Defense Minister Tea Banh on Sunday said a fireworks explosion that killed one man and injured seven more in Phnom Penh last week was “not a big deal,” while international pyrotechnics experts said over the weekend that the incident could have easily been prevented with proper safety precautions.
During a fireworks display to mark the 10-year anniversary of King Norodom Sihamoni’s coronation on Wednesday night, a firework exploded inside a metal launch tube, sending shrapnel into a nearby group of revelers. Nakry Darou, 23, from Kandal province’s Koh Thom district, was killed instantly when a piece of metal tore open his torso. Seven others were injured, two of them seriously.
“The incident was not a big deal,” General Banh said Sunday. “It was an unexpected incident.”
Gen. Banh added that his ministry, which handles official fireworks shows, would improve the safety of future displays.
“We don’t want it to happen again, so we will be cautious,” he said, adding that fireworks would be launched from boats moored in the river, considered a safer method, during this week’s Water Festival.
On Thursday, Lieutenant General Ith Sarath, director of training at the Ministry of Defense, whose department handled Wednesday night’s show—during which the fireworks were launched from clusters of metal and PVC tubes— blamed a faulty explosive for the accident.
“Now we are investigating to see how [the victims] were hit, whether by the [cardboard] shell or something else,” Lt. Gen. Sarath said Sunday, explaining that he chose to launch the fireworks from tubes in the ground rather than boats because of his ministry’s previously untainted 40-year safety record.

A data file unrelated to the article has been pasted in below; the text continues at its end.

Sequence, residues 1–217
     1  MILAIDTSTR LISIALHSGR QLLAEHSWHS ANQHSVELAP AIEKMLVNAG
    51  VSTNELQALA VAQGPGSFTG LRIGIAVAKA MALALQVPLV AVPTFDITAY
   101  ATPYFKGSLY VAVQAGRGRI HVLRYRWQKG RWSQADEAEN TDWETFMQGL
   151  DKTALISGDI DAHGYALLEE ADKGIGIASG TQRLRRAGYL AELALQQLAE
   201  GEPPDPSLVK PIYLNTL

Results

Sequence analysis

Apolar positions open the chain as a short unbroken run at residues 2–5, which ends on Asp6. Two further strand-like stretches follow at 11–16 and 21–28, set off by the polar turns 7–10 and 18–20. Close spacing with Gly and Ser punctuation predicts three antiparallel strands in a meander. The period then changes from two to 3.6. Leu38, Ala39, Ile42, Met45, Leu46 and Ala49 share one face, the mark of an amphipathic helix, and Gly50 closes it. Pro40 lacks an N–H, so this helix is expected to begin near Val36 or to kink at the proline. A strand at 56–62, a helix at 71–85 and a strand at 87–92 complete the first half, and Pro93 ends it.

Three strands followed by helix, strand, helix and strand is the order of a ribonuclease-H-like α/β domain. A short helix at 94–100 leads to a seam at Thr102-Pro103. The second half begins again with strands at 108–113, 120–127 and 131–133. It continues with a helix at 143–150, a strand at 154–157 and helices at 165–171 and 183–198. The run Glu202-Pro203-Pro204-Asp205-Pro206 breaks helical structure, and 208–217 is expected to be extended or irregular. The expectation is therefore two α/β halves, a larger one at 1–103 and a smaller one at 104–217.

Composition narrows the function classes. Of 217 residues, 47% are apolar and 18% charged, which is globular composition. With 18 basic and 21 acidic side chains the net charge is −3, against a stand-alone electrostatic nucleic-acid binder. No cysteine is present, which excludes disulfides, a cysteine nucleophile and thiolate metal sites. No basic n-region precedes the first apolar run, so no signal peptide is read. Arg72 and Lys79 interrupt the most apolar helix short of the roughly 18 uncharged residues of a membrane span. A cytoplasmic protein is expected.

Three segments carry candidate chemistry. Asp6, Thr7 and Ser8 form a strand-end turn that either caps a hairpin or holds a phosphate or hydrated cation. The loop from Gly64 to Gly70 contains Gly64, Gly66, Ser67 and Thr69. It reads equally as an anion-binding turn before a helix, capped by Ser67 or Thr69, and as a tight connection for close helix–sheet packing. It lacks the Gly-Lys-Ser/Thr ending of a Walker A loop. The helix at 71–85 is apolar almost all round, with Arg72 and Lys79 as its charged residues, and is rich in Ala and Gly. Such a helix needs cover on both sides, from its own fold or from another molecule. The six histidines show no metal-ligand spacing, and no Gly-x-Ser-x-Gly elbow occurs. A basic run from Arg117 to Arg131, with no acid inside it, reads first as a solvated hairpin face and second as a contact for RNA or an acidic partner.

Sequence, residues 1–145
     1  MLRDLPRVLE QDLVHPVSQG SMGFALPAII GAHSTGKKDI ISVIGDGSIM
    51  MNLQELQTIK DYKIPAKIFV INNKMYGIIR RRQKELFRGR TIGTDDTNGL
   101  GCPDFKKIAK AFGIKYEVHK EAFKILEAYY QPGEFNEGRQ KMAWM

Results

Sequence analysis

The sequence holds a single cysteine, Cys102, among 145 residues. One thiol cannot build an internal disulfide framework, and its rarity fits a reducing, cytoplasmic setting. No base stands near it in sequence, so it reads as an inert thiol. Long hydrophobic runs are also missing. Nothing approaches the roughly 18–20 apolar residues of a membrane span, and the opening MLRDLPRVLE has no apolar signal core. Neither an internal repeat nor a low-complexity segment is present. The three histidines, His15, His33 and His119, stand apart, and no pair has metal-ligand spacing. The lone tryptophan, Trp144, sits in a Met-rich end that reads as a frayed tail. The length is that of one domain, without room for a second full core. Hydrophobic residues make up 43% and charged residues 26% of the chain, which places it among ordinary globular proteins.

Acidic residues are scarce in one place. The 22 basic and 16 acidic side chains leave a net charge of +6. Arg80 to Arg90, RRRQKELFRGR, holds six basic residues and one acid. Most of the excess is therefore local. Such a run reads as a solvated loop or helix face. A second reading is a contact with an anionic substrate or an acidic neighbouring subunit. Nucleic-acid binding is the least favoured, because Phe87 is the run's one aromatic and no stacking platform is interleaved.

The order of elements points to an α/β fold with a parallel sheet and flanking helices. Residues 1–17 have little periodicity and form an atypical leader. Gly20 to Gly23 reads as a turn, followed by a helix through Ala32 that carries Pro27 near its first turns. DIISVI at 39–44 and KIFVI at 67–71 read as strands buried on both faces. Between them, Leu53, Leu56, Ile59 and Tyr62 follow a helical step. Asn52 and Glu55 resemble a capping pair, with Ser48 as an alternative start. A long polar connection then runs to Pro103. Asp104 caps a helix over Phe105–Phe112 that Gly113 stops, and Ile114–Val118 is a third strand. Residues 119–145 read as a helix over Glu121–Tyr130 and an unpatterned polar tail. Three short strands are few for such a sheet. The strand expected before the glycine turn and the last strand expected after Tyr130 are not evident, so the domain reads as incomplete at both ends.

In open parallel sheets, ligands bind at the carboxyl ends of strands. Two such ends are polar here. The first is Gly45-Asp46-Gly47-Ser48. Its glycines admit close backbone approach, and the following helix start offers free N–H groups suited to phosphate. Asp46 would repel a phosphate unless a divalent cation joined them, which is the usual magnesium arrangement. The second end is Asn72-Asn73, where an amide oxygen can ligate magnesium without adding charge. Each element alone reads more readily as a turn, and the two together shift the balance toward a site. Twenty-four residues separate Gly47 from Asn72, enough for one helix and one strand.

International pyrotechnics experts said over the weekend that the accident was consistent with those caused by damp or faulty fireworks, but that proper precautions would have prevented death and injury.
Warren Ritchie, the managing director of Queensland, Australia-based Fireworks Down Under, said in an email Saturday that much of the world has abandoned the use of metal or PVC pipes as mortars, precisely because of the potential for accidents such as the one that occurred in Phnom Penh last week.
“[W]e had a similar thing happen here and a small child was killed, so we banned the use of steel in all displays,” Mr. Ritchie said.
He added that if steel mortars are used, they should have sandbags placed around them or be buried deep enough so that potential shrapnel would be sent into the ground.
But Jon Culverhouse, the managing director of Fantastic Fireworks in London, said in an email Sunday that a barrier of sandbags would still not be enough to stop the force of an exploding metal tube. “Unless you were using dozens of sandbags around each launch tube, the force of the explosion would always be overwhelming,” he said.
Mr. Culverhouse said launching from boats is much safer, but if metal tubes are used, there is still a real danger to bystanders and operators.
“[A]s barges are usually at least 100 meters offshore…I wouldn’t want to be any closer than that,” he said, adding that material such as fiberglass or cardboard should be used instead, because they are strong enough to absorb pressure from an explosion but flexible and therefore unlikely to break into sharp pieces.
While Lt. Gen. Sarath of the Defense Ministry on Sunday said he is aware that launch tubes should be buried, photos widely circulated on Facebook show the tubes used in last week’s show to be almost entirely exposed, with just a few centimeters of sand piled around their base.